ARLINGTON — For people driving by, the former dairy on Jordan Road gives a peek at times past, when small-scale agriculture dominated the area.
For eight cousins who still return there, it’s a place of childhood memories.
It’s where Chuck Bachman learned to shoot a .22. Cousin Scott Soper got his first lesson on pushing in a truck’s clutch. Another cousin, Nancy Hoefer, remembered corn, raspberries and apple trees that used to grow there.
“This is more like an heirloom,” Scott Soper said. “We’re trying to keep it in the family.”
A new bridge that promises to whisk traffic over Jim Creek also might erode the sense of place at old Soper farm.
Snohomish County is preparing to condemn a portion of the family property southeast of Arlington so it can widen the one-lane bridge over the creek later this year. The project, which could cost up to $3 million, also calls for re-aligning the angle of the bridge to improve sight lines. The plan includes a new water-retention pond down the road.
That plan won’t take out much in the way of physical structures at the farm. It amounts to less than a half acre out of the more than 50 acres family members own in the area. Most of what the county intends to use would be in a short strip along the road, plus a patch of ground for a construction staging area nearer to the bridge.
Still, family members wonder what the future atmosphere might be like.
When built in 1914, Jim Creek Bridge No. 42 allowed traffic to pass in both directions. That’s no longer possible with today’s wider vehicles.
These days, stop signs stand at either end of the span. While many drivers navigate the stretch at more of a roll, rather than a complete stop like they’re supposed to, the narrow passage manages to slow traffic.
That’s bound to change when the stop signs are gone, and cars, trucks and motorcycles can travel through at 35 mph.
“I can definitely foresee a problem,” said Soper, 45, a Seattle firefighter.
Neither county engineers nor family members could recall any serious wrecks on the bridge, which carries about 1,000 vehicles per day.
The family farm, immediately north of the bridge, hasn’t been up and running for more than three decades.
Nowadays, the cinder-block barn is in disrepair. Its roof was partially covered with moss and encrusted with icicles one chilly morning earlier this month.
“The Darigold truck would pull up there,” said Hoefer, 57, of Sedro-Woolley.
The old barn probably will survive the county’s condemnation process, though portions of a knee-high stone wall that parallels the roadway are likely to get taken out.
The cousins never lived at the farm, but they cherish having it in the family. They sometimes gather there as a family after visiting the grave sites of more than a dozen relatives buried in an Arlington cemetery.
Their grandfather, Edward A. Soper, bought the property in the mid-1930s and lived there until his death in 1975. Before becoming a dairyman, the World War I vet had survived service in the Signal Corps, which required running among the trenches in France.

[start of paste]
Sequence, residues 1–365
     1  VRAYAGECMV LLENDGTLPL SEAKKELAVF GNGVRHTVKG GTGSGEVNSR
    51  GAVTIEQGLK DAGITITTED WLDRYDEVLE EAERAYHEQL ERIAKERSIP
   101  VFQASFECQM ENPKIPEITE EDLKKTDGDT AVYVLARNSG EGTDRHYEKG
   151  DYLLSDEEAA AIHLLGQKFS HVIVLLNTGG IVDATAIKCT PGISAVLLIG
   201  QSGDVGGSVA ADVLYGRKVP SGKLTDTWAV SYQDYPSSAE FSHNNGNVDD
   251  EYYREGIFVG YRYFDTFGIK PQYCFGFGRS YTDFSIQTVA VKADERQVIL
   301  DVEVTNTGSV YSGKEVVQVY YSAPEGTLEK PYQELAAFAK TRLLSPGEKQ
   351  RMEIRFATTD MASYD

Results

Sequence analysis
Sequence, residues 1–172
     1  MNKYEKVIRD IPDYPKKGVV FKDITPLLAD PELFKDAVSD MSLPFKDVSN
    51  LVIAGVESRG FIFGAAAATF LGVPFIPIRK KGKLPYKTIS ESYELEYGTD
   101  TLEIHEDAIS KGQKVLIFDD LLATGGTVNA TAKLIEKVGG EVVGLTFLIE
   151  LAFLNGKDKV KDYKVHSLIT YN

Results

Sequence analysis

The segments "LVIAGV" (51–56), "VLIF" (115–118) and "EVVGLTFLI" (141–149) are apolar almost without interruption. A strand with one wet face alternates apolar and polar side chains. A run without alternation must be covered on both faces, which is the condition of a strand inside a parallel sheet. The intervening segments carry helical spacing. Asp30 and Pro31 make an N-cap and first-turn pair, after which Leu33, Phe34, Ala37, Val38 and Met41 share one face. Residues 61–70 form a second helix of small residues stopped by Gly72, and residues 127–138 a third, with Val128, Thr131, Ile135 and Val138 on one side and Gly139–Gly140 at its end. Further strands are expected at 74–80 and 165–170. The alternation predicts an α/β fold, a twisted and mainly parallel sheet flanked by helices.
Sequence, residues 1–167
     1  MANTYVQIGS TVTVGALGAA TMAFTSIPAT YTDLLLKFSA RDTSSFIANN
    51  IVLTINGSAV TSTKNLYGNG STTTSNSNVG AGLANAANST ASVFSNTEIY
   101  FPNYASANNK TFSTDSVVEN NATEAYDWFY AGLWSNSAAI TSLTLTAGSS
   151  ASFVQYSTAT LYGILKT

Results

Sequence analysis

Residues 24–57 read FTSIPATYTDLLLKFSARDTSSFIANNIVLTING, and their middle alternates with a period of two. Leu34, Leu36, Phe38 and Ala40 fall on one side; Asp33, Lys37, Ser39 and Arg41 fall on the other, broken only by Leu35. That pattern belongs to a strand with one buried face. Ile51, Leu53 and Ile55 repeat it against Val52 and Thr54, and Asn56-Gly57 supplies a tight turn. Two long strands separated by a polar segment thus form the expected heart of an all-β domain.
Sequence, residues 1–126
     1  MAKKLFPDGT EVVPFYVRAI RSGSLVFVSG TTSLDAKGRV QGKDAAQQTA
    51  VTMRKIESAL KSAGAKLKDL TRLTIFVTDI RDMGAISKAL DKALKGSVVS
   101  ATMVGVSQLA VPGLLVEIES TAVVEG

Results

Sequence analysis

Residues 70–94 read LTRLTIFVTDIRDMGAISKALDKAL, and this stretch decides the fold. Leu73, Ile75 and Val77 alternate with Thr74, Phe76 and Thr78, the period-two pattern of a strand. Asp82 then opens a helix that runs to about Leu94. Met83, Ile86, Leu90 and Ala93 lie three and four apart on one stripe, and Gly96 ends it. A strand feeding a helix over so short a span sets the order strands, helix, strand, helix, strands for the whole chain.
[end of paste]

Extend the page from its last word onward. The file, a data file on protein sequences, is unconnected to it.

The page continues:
“So it’s a miracle we’re all even here,” said Bachman, 56, of Maple Valley.
The family rents a house on the property to a tenant.
Part of the property still belongs to Edward A. Soper’s son, Edward S. Soper, who is Scott Soper’s father. The 88-year-old grew up there but later moved away and now lives part time in Arizona. He is one of three siblings along with sisters Elizabeth Bachman, 85, now living in Olympia, and Mary Louise Mitchell, who is deceased.
“When we moved there, the pasture was full of burned-over stumps,” Elizabeth Bachman said. “Gradually, my dad cleared all that area down below the house and also the patch down by the bridge.”
Bachman, who is Chuck Bachman’s mother, said her father spent most of his career as a state dairy inspector. The family’s small herd, ranging from three to five cows, produced enough milk to pay for her to go to Washington State University.
“Those cows put my sister and me through college,” she said.
Soon after the family moved in, her mother, Louise Soper, hired a landscape architect from Edmonds to design the garden. It included much of the stone wall that still stands along the road.
Jim Creek, during her childhood, teemed with salmon every fall.
“I can remember wading across Jim Creek and not being able to wade across without having fish touch my ankles,” she said.
Work on the new bridge is expected to start later this year. It could take up to two years to finish. Project managers expect to keep one lane of traffic open through construction.
On Jan. 11, the County Council decided to move ahead with condemnation. That begins the legal process for determining compensation.
Three of the cousins gathered at the property afterward, watching trucks and 4x4s with oversize tires rumble past. As they pondered the coming change, Chuck Bachman said, “I guess it’s inevitable.”
Noah Haglund: 425-339-3465; email@example.com.